Microbes Come to the Rescue to Reduce Hospital Waste

Research News Hospital Waste Management

Hospital waste management is no laughing matter, given that one hospital bed can produce up to 0.5 kg of waste per day. A Dutch technology is using microbes to optimize the process with anaerobic digestion.

We look to hospitals and our healthcare systems at large for treatment and reassurance when we are sick, but it is easy to overlook the fact that disposing of waste is a major challenge hospitals face on a daily basis. The World Health Organisation estimates that 15% of waste generated by hospitals could be toxic, radioactive or otherwise harmful, so finding effective ways of dealing with this waste is not trivial.

Most hospitals incinerate dangerous waste and send the rest to landfills or to be recycled. But a lot of the equipment made from cellulose fibres used by hospitals today, such as papers cups, disposable clothing and tissues, is biodegradable. Instead of sending it to different facilities to be processed, a Dutch technology could expedite the process with a biological waste disposal system that can be used on-site at hospitals.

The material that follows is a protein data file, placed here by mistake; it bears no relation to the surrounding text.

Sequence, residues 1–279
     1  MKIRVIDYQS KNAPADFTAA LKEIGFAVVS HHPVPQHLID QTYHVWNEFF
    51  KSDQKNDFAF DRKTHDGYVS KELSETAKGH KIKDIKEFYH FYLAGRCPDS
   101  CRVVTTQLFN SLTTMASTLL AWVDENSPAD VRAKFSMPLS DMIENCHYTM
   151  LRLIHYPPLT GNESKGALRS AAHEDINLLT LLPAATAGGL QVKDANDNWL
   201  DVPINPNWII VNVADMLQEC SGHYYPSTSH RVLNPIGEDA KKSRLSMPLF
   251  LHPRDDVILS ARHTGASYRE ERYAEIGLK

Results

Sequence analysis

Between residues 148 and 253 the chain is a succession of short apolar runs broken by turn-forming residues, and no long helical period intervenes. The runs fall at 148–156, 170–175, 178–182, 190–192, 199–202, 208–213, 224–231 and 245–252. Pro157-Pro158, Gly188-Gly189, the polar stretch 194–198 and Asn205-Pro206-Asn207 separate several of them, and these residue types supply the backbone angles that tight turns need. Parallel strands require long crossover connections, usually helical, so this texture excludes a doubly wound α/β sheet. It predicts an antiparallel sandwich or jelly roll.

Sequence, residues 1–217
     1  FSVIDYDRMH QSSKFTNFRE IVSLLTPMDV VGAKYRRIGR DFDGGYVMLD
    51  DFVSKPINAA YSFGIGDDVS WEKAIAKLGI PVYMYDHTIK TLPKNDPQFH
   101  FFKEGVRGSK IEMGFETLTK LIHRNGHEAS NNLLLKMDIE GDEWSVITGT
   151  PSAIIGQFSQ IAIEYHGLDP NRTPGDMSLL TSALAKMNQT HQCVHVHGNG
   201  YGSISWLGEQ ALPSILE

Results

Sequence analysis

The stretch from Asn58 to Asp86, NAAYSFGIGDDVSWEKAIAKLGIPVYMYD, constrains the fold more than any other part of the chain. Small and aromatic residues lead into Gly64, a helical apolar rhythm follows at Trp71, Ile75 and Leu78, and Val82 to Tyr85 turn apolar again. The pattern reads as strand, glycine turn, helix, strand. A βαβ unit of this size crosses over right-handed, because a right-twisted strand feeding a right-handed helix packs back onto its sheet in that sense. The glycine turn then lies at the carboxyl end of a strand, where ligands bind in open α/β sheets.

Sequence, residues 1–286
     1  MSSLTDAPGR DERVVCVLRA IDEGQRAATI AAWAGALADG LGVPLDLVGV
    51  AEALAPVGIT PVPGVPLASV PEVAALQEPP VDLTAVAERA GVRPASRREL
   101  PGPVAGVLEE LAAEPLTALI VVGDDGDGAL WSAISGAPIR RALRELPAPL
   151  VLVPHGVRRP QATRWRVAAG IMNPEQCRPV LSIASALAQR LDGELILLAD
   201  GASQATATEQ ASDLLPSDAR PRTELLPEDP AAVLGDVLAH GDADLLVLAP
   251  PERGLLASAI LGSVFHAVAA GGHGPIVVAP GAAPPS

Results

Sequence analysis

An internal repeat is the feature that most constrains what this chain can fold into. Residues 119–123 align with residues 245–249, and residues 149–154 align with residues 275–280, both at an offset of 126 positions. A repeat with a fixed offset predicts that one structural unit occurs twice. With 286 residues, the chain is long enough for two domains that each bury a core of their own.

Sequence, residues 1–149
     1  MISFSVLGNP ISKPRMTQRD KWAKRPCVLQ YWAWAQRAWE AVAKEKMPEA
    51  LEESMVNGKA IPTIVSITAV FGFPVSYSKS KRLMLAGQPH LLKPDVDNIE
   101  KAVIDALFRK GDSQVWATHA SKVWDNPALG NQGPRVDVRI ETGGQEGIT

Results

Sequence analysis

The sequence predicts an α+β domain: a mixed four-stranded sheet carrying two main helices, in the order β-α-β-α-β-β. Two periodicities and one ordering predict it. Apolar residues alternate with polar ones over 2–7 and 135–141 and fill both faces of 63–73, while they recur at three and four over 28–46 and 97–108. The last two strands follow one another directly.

Pharmafilter, based in Amsterdam, has developed a waste filter that works in two steps. First, the Pharmafilter system uses a high-tech shredder called Tonto, which breaks down waste products in hospital wards. The waste is then transported to a plant where harmful substances in hospital water, such as disease-causing microbes and traces of medications, are filtered out.

Microbes Come to the Rescue to Reduce Hospital Waste
The Pharmafilter facilities in Amsterdam, the Netherlands.

The solid waste is then broken down by microorganisms through anaerobic digestion. The unit powers itself from the biogas that results from the breakdown of the solid waste, and any left-over energy is fed back into the hospital grid. 

The Pharmafilter could help remove waste from hospitals sooner and reduce the spread of hospital-acquired infections. The technology also minimizes the amount of antimicrobial residues that enter water filtration plants, which could help combat antibiotic resistance.

Antibiotic resistance is one of the biggest threats to global health of today. Pharmafilter’s potential to reduce the risk of spreading antibiotic resistance underscores the importance of developing effective hospital waste management systems.

Images by Pharmafilter, Puwadol Jaturawutthichai/Shutterstock

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